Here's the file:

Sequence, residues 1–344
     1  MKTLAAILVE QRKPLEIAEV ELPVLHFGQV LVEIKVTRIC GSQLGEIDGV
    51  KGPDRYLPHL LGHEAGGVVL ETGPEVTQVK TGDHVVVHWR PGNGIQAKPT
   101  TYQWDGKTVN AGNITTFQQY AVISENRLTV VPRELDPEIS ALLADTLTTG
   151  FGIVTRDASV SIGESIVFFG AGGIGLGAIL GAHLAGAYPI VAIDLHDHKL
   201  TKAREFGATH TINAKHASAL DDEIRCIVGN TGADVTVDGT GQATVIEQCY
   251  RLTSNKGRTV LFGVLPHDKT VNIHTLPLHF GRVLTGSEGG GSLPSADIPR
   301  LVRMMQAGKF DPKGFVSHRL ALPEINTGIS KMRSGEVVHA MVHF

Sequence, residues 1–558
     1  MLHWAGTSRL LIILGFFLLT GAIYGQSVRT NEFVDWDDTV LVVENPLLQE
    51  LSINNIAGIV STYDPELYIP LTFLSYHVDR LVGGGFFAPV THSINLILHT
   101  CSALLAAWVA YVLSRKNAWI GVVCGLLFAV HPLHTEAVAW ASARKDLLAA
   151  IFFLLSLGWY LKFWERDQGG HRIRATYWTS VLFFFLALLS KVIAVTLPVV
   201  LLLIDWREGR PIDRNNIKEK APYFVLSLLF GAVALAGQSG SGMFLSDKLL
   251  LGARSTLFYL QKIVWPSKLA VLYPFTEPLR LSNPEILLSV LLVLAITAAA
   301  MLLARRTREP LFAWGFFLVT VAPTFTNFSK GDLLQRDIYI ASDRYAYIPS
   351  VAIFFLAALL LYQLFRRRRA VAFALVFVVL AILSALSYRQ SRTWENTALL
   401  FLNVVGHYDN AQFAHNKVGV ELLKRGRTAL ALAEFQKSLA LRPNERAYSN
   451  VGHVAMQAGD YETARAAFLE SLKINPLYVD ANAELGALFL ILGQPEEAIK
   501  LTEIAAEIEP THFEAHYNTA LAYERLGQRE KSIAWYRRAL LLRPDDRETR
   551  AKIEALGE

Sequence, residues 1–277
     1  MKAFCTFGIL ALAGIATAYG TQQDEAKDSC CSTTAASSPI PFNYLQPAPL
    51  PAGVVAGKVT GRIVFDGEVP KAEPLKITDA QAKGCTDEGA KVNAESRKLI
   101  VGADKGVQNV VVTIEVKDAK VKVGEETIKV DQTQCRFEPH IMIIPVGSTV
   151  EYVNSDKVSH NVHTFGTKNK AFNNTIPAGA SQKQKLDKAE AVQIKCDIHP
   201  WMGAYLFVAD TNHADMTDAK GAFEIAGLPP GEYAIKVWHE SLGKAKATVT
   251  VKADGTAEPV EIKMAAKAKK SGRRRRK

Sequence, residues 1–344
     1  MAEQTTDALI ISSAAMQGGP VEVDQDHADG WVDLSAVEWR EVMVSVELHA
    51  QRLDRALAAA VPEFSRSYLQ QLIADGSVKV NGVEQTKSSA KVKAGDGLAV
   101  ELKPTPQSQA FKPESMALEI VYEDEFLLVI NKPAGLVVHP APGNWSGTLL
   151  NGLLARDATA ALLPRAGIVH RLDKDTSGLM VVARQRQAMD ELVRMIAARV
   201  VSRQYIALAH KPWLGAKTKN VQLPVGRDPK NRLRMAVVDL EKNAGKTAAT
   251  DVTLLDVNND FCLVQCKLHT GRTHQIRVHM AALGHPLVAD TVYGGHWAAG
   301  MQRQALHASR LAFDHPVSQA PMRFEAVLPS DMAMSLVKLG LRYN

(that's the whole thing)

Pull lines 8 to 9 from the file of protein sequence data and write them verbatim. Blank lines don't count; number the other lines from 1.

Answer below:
   301  LVRMMQAGKF DPKGFVSHRL ALPEINTGIS KMRSGEVVHA MVHF

Sequence, residues 1–558